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LegalGems, Lawyer
Category: Consumer Protection Law
Satisfied Customers: 7071
Experience:  Research Attorney; Private Practice; Attorney Mentor; Mediator
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My case has to do with a bad mechanic. I was driving my car

Customer Question

Hi Pearl. My case has to do with a bad mechanic. I was driving my car when the oil pressure light flashed on my dashboard and the engine was leaking oil. I brought it into "Arturo's Auto Repair" to get it fixed. When I went to pick it up, they said it needed one more part-a dipstick tube. Instead of getting the part and installing it, they told me to drive and pick it up myself. I bought the part and on the way back to Arturo's, it stalled and I had to coast into a parking lot a mile away from the shop.
JA: Can you tell me what state this is in? And do you know who owns the lot?
Customer: Texas
JA: Has anything been filed or reported?
Customer: no
JA: Anything else you want the lawyer to know before I connect you?
Customer: Yes. I had it towed to my regular mechanic who informed me that the engine is shot and that it will be about $3200. to put in a new one.
Submitted: 15 days ago.
Category: Consumer Protection Law
Expert:  LegalGems replied 15 days ago.

Hello! I will be reviewing your question and posting a response momentarily; if you have any follow up questions please respond here. Thanks!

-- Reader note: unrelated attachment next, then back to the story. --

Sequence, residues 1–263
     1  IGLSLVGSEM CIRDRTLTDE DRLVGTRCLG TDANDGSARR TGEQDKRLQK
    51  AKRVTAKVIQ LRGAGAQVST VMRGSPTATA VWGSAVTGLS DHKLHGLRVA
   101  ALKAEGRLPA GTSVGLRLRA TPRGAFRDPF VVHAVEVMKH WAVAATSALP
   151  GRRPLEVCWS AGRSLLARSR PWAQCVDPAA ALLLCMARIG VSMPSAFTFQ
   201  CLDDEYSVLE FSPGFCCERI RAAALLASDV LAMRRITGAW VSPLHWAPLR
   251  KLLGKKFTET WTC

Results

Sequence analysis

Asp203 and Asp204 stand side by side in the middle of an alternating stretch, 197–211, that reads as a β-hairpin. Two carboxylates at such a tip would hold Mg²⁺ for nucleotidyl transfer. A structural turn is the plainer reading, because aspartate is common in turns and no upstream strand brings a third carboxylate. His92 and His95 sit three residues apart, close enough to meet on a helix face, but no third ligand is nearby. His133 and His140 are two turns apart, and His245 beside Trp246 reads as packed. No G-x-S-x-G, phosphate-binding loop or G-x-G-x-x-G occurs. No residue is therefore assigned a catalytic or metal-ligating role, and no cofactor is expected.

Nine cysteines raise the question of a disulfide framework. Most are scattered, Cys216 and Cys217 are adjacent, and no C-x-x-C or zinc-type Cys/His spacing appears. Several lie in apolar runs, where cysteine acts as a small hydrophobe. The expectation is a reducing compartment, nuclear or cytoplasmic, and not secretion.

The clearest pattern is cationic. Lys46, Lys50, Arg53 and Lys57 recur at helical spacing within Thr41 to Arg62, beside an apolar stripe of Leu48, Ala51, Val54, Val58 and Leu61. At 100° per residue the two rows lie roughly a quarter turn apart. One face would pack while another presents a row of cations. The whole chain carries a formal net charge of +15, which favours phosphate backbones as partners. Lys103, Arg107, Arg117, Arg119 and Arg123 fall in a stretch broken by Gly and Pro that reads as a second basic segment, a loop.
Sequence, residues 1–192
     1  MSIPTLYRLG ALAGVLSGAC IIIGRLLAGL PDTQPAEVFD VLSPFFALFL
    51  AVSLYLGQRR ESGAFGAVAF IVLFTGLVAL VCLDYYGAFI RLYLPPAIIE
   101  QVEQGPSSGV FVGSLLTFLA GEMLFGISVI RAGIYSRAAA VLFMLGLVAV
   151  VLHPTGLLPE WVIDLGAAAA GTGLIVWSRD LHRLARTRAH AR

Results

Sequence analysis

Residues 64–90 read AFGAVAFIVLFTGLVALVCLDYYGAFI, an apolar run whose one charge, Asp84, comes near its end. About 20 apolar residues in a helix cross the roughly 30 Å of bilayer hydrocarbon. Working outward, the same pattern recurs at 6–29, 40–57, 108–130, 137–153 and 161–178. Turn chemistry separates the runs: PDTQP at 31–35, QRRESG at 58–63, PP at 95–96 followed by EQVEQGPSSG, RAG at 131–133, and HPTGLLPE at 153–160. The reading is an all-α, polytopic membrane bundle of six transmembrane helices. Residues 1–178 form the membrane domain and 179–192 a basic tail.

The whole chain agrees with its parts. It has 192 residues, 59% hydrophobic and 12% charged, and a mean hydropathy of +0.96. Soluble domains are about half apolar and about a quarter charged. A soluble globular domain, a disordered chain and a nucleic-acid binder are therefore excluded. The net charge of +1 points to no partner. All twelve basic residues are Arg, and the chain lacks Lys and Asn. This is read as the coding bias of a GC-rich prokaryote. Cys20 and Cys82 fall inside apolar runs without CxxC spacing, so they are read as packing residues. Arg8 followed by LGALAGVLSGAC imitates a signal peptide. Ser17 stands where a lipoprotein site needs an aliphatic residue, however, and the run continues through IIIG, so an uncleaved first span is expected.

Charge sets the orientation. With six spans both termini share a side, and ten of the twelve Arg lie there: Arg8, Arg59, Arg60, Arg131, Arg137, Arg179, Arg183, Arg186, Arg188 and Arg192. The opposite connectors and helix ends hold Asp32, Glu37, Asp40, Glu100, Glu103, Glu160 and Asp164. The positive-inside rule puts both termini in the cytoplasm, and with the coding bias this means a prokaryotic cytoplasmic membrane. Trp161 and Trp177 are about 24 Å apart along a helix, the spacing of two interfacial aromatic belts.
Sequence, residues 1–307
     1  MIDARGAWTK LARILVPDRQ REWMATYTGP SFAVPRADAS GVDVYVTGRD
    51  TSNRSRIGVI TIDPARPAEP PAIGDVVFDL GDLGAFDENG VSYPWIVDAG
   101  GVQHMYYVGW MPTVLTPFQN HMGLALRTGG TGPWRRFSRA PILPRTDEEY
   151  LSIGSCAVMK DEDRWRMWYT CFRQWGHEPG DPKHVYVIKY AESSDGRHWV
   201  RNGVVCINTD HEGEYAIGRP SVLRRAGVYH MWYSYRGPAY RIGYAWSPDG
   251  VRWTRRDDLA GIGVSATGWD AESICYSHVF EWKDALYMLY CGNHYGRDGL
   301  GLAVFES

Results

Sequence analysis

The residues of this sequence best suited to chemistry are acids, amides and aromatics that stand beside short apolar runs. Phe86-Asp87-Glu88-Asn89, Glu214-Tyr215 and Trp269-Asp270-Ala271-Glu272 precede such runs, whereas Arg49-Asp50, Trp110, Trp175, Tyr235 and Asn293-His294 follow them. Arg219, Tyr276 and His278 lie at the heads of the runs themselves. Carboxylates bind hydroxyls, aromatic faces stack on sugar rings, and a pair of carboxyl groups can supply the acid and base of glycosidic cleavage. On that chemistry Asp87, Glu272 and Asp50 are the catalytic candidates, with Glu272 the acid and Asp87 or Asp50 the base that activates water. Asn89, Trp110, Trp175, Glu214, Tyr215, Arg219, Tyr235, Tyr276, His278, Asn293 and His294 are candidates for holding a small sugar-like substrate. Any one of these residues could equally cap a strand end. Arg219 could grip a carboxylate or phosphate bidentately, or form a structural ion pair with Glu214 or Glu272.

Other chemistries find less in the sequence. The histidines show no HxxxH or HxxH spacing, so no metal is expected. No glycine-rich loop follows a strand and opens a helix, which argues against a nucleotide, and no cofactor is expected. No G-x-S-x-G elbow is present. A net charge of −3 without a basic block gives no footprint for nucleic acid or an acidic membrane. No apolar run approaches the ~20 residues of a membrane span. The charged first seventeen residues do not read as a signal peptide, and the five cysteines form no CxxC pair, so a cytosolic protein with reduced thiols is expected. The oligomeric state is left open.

Expert:  LegalGems replied 15 days ago.

I am sorry to hear this! That is a lot of money for an oil issue; presumably the mechanic can confirm the engine gave out because of a lack of oil.

There are 2 possible causes of action that can be brought when a party fails to act competently. These are listed below:


An agreement must contain four essential elements to be regarded as a contract. If any one of them is missing, the agreement will not be legally binding.
1. Offer
2. Acceptance
3. Intention (meeting of the minds)
4. Consideration (fair value exchanged)

For breach of a contract, the plaintiff is compensated by the defendant paying for the damages (ie cost of repair, tow services). They need to be reasonably foreseeable and proximately caused by defendant's breach (ie a direct result of the breach)

2. Negligence is defined as a failure to perform with the level of care that someone of ordinary prudence would have exercised under the same circumstances. The behavior usually consists of actions, but may consist of omissions when there is some duty to act. This cause of action has 5 elements: the existence of a legal duty to exercise reasonable care; a failure to exercise reasonable care; harm caused by the negligent conduct; physical harm of actual damages; and proximate cause (reasonably foreseeable damages).

The small claims is the proper venue, for claims under $10,000. Information on that process is here.

It is standard practice to first send out a demand letter, requesting the repair/compensation; if that is not forthcoming, then filing litigation is the next standard step.

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Information provided is for educational purposes only. Consultation with a personal attorney is always recommended so your particular facts may be considered. Thank you and take care.

Expert:  LegalGems replied 10 days ago.

Hi. Just checking in to see how the above situation worked out. Hoping the information was useful. Thanks!

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